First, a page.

Issue Presented (from Certification):
Is the failure to object to the closure of a public trial to be analyzed upon appellate review under the “forfeiture standard” or the “waiver standard”?
As suggested, in each of these consolidated cases the trial judge barred the public from the courtroom (during jury selection in each instance), without objection. The Certification stresses that the supreme court hasn’t settled whether failure to object to trial-closure represents “forfeiture” or “waiver” of the issue. The former is mere failure to assert, while the latter is intentional relinquishment of, a right. While a forfeited right generally isn’t subject to appellate review, it may be reviewed as part of an IAC claim (which each defendant raises). Waiver, by contrast, precludes review (beyond validity of the waiver itself). See generally, State v. Ndina, 2009 WI 21, ¶¶29-32, 315 Wis. 2d 653, 670, 761 N.W.2d 612; and State v. Soto, 2012 WI 93, ¶¶36-45, 343 Wis. 2d 43, 817 N.W.2d 848. The State doesn’t appear to have raised the forfeiture-waiver distinction in either of these cases. To the contrary, each defendant has asserted an IAC “backstop” claim, which the State resists at least in part on the issue of prejudice, not waiver. E.g., Seaton Resp. Br., p. 17 (“(Seaton “does not explain why there is a reasonable probability of an acquittal at trial had counsel objected at the beginning of voir dire.”) This focus on prejudice raises an interesting problem of another sort: can you test for IAC-prejudice that which would, if preserved, represent structural error? Violation of the right to public trial is structural error, i.e., subject to automatic reversal without regard to the harmless rule. E.g., Ndina, 2009 WI, ¶43. If Seaton and Pinno had preserved meritorious closure objections, they’d be entitled to automatic reversal of their convictions – could the convictions nonetheless be sustained under IAC analysis? The conundrum isn’t discussed by the Certification but is certain to be a focal point of the arguments if review is granted. In any event, the court sums up the need for resolution:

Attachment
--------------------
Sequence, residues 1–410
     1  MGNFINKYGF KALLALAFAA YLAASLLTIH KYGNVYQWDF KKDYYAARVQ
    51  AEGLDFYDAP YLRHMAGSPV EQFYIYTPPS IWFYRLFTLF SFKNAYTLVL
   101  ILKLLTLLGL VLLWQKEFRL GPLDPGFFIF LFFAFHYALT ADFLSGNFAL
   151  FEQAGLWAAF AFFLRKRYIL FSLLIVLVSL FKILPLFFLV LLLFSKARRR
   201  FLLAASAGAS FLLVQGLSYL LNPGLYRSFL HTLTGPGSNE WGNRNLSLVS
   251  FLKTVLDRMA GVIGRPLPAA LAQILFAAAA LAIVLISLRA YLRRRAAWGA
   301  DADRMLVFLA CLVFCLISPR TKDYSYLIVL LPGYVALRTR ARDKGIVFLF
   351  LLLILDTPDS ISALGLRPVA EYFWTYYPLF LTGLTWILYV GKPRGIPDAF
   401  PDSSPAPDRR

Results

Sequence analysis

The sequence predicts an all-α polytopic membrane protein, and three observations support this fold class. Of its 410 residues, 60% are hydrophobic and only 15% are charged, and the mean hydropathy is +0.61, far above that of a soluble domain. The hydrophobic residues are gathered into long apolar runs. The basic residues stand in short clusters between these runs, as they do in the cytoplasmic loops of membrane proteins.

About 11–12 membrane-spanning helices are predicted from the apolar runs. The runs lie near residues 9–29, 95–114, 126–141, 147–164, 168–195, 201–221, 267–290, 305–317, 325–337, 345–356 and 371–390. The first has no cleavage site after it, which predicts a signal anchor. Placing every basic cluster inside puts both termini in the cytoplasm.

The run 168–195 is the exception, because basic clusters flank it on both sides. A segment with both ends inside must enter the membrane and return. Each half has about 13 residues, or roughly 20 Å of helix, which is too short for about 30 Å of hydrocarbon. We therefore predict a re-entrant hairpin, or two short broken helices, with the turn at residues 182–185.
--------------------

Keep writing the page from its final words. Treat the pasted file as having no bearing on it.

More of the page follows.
From the foregoing discussion it appears clear that an unobjected-to trial closure might constitute (1) a forfeited error that is reviewed under the ineffective-assistance-of-counsel standard, or (2) a waivable error that is initially reviewed for whether the right to public trial was knowingly relinquished before considering whether a constitutional violation occurred. Resolution of which path to follow will likely be dictated by the court’s determination of whether the right to a public trial is a right that is “particularly important to the actual or perceived fairness” of a criminal proceeding. See id., ¶40.
We also have an additional concern not raised by the parties. The public has a constitutional interest in public trials. The openness of trial proceedings, including the process of jury selection, is important not only to adversaries in the immediate proceedings but to the entire criminal justice system. Press-Enterprise, 464 U.S. at 505. The public has an interest in openness to ensure that justice is not being horse-traded or performed by a Star Chamber.